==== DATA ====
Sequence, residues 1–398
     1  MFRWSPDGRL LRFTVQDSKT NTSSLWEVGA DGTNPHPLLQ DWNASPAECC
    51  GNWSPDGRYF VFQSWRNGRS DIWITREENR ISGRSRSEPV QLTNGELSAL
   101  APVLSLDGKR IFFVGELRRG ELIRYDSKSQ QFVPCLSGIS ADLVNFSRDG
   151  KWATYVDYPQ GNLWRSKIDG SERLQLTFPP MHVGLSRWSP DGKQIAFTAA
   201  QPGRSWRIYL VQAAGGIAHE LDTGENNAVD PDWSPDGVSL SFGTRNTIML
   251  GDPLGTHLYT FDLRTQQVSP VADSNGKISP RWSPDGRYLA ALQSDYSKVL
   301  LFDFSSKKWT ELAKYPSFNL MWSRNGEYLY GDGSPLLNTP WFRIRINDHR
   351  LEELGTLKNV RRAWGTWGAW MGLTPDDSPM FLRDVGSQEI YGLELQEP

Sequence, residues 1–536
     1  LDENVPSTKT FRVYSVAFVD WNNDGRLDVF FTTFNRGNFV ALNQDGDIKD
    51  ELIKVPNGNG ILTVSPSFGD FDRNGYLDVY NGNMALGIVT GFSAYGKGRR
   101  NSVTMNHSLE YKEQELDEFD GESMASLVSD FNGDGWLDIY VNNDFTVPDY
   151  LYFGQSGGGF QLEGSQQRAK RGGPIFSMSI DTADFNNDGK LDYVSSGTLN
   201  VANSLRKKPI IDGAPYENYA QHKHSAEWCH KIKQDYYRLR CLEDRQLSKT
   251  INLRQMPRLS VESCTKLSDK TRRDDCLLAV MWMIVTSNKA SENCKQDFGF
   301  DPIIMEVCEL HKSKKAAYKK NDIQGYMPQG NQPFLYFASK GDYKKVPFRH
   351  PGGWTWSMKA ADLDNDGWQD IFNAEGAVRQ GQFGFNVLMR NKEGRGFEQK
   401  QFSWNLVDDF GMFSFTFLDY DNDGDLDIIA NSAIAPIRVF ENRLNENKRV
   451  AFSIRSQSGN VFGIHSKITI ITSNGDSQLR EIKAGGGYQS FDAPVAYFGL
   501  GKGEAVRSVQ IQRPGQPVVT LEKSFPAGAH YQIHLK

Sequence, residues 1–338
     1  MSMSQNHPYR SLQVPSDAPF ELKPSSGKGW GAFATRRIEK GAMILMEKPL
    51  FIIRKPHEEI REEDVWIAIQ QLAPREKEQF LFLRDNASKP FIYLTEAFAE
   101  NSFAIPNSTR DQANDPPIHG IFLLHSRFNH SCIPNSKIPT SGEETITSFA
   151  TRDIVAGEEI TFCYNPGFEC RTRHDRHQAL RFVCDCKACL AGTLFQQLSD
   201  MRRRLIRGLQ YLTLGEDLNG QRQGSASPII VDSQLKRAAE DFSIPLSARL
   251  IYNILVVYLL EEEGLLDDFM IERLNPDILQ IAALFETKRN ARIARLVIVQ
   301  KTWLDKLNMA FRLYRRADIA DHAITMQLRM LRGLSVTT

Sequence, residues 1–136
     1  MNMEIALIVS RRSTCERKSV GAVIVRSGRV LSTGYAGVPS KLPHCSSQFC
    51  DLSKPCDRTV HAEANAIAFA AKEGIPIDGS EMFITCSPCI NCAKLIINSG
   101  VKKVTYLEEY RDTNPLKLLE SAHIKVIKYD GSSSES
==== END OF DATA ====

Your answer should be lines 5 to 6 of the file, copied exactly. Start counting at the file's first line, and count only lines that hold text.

   151  KWATYVDYPQ GNLWRSKIDG SERLQLTFPP MHVGLSRWSP DGKQIAFTAA
   201  QPGRSWRIYL VQAAGGIAHE LDTGENNAVD PDWSPDGVSL SFGTRNTIML